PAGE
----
Article | April 22, 2024

Companies To Watch: OSE Immunotherapeutics

Source: Life Science Leader
Ben Comer_2022_1

By Ben Comer, Chief Editor, Life Science Leader

Nicolas Poirier_OSE Immunotherapeutics
Nicolas Poirier

Designing medicines and vaccines to combat immune system deficiencies and disfunction across numerous conditions.


OSE Immunotherapeutics is on the cusp of beginning a three-year, 350 patient Phase 3 confirmatory and pivotal study in support of Tedopi, a novel cancer vaccine targeting second-line patients with non-small cell lung cancer (NSCLC) who don’t benefit from treatment with chemotherapy and a checkpoint inhibitor. The French company is developing a companion diagnostic that identifies NSCLC patients with HLA-A2 serotypes, which account for roughly 45% of the patient population. HLA-A2 patients have a higher likelihood of responding to Tedopi, since the vaccine antigens have been engineered for this population. OSE Immunotherapeutics has two additional internal clinical candidates, and three externally partnered clinical candidates, plus a preclinical deal with AbbVie for OSE-230 — a monoclonal antibody targeting chronic inflammation — worth over $700 million in front end milestones, plus royalties on future sales revenue.

What’s At Stake

With FDA’s blessing of the protocol, and financing secured to cover the three-year Phase 3 Tedopi trial, Nicolas Poirier, CEO at OSE Immunotherapeutics, is gunning for a 2027 registration of the first therapeutic cancer vaccine for NSCLC patients. Poirier’s excitement about the Phase 3 trial is heightened by the fact that Moderna and Merck also launched a Phase 3 trial for their cancer vaccine in July of 2024, with some important differences. “We know that Moderna is strong, and fast, and really good [at clinical development], but their study is in melanoma, and it’s a six-year study,” notes Poirier. “Our study will take three years, and if we succeed, we will be the first to register.”

Patients that fail the first line of therapy in NSCLC — chemotherapy and a checkpoint inhibitor — currently have very few options; nothing is approved specifically for that population. Ongoing treatment with chemotherapy is unpleasant regarding side effects, and is largely ineffective in prolonging life or slowing tumor growth. In a Phase 3 trial (ATALANTE-1) that was ended prematurely during COVID, due to increased risks for patients that had received chemotherapy, Tedopi showed improvement over chemotherapy in terms of overall survival and safety. The forthcoming Phase 3 trial will attempt to confirm those benefits with more patients and better segmentation.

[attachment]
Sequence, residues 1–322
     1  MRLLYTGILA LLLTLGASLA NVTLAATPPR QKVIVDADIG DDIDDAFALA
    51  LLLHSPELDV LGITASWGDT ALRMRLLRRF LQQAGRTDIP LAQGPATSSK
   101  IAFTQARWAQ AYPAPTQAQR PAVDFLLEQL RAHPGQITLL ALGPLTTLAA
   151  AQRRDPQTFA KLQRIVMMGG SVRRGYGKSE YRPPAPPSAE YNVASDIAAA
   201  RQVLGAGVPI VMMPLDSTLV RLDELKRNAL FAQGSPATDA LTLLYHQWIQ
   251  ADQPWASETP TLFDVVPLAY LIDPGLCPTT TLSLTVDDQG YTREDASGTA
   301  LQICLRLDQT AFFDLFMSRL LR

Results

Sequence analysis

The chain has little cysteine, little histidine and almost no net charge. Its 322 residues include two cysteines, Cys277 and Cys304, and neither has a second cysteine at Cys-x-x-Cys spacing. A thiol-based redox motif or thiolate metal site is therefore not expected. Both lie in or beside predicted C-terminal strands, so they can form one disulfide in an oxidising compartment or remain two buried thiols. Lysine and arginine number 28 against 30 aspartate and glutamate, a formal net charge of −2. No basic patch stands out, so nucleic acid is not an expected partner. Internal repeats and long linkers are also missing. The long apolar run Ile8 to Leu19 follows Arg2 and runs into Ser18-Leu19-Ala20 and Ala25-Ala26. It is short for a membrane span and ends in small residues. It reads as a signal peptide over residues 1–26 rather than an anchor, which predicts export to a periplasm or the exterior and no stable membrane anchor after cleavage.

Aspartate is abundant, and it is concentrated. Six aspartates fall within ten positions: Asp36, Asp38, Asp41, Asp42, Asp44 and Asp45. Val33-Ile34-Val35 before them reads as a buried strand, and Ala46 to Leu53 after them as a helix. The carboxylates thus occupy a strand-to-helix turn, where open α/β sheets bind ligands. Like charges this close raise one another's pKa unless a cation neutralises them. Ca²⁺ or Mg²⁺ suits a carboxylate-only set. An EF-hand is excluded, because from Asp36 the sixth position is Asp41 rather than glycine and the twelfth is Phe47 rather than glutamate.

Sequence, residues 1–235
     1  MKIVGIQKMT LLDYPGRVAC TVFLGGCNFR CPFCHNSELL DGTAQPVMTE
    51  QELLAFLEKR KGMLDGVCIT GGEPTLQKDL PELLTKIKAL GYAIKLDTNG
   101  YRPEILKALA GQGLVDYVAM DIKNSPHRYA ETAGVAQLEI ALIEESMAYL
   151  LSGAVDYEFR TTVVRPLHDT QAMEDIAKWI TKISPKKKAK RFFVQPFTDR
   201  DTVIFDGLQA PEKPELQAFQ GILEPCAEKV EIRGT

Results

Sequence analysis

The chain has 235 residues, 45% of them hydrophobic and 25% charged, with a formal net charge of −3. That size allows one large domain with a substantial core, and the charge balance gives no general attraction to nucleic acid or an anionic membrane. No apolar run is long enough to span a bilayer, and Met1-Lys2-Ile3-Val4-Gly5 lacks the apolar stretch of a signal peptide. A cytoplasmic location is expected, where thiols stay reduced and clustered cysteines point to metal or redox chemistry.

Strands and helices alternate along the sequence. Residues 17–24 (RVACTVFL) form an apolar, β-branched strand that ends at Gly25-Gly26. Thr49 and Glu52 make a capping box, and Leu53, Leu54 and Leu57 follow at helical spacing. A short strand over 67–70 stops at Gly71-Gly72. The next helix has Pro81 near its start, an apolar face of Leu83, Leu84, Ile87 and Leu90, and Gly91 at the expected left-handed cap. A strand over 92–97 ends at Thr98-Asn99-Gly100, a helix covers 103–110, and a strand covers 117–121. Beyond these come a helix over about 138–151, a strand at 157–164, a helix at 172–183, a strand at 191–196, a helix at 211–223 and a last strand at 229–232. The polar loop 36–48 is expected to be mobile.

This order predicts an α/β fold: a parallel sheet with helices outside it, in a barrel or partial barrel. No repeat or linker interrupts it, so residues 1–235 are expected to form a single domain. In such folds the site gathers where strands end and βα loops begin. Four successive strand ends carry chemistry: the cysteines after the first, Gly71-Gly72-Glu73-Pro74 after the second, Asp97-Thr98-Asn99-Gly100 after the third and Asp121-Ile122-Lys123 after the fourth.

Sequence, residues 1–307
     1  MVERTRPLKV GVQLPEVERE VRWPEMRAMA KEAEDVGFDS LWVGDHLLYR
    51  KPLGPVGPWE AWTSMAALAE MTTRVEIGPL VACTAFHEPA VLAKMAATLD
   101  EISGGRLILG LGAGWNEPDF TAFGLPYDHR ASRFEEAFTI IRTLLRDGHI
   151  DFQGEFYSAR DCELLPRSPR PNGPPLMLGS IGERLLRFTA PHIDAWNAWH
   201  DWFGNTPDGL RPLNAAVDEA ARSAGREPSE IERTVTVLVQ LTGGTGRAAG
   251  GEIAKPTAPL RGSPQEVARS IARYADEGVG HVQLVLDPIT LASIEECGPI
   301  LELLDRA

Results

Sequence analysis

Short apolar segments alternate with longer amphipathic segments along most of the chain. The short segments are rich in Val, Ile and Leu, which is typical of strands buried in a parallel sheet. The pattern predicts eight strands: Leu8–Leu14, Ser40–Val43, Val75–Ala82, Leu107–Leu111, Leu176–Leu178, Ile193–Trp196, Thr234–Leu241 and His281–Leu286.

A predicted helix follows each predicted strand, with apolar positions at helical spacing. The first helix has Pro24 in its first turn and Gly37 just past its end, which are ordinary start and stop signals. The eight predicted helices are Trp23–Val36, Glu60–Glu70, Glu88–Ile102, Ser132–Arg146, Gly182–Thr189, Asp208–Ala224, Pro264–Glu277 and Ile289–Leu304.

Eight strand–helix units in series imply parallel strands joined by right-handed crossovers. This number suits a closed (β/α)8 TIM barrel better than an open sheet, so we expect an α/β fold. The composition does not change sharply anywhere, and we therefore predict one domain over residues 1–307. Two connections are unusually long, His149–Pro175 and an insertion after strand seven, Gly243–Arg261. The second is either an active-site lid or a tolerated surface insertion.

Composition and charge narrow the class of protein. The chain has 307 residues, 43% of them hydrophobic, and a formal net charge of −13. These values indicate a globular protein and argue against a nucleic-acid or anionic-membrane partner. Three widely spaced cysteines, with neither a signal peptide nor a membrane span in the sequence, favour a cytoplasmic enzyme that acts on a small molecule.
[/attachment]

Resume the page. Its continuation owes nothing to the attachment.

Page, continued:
The opportunity is significant. The eligible population for Tedopi, using the companion diagnostic (developed in collaboration with GenDx), is roughly 100,000 new patients per year in the U.S. and Europe, says Poirier. The global NSCLC market is forecast to be worth nearly $39 billion by 2030. OSE Immunotherapeutics is also in the early stages of development with its own PD-1 checkpoint inhibitor (OSE-279), which could be used as a monotherapy for certain rare cancers, or as part of an internal combination therapy. “If we want to go into the first line in lung cancer — where the patient population is bigger, where the medical need is also important, and where the immune system is better for [receiving a] vaccination — we will need to combine [Tedopi] with an anti-PD-1,” says Poirier. “And we wanted to be able to do that for free.”

OSE Immunotherapeutics is pursuing a two-pronged strategy, the first of which is to continue progressing its internal candidates, Tedopi, as well as Lusvertikimab (OSE-127), an IL-7R antagonist currently in Phase 2 for ulcerative colitis, and OSE-279, the anti-PD-1 drug mentioned above. The second part of the strategy is to continue out-licensing research programs, particularly with drugs that have the potential to treat several different indications. Developing those products internally would require “a very large investment … it’s better to license those programs to large pharma companies because it allows us to reinvest in our primary programs, while also helping to validate our science and technology,” says Poirier.

In February, AbbVie became OSE Immunotherapeutics’ most recent partner, paying $48 million up-front, plus up to an additional $665 million in milestone payments, for OSE-230, a preclinical monoclonal antibody designed to “resolve” chronic and server inflammation. It’s unusual as of late for a company to receive such a sizeable up-front for a preclinical asset. Poirier says the deal reflects growing interest in the “resolution of inflammation” field, of which Charles Serhan, a member of OSE Immunotherapeutics’ scientific advisory board, is a leading figure. “After 10 years of academic research, we were the first company to develop a drug candidate … we are pioneering this field,” says Poirier. The company has additional partnerships with Boehringer Ingelheim in oncology, and Veloxis Pharmaceuticals in kidney transplant.

OSE Immunotherapeutics was created through the merger of OSE Pharma and Effimune in 2016. Poirier holds a Ph.D. in immunology, and joined Effimune as a scientist, and the company’s second employee, in 2009. After “15 years of very intense research,” Poirier climbed into the top role at OSE Immunotherapeutics in 2022. Results with Lusvertikimab (OSE-127), the company’s Phase 2 ulcerative colitis drug, are expected to read out in mid-2024.

Vital Statistics

Employees:  60

Headquarters: Nante, France

Funding: €180 million received, eligible for €2.1billion in milestones.

Latest Updates:

April 2024: Received €8.4 million from the French government to support the Phase 3 trial of Tedopi
March 2024: Completed enrollment of Phase 2 trial of Lusvertikimab in ulcerative colitis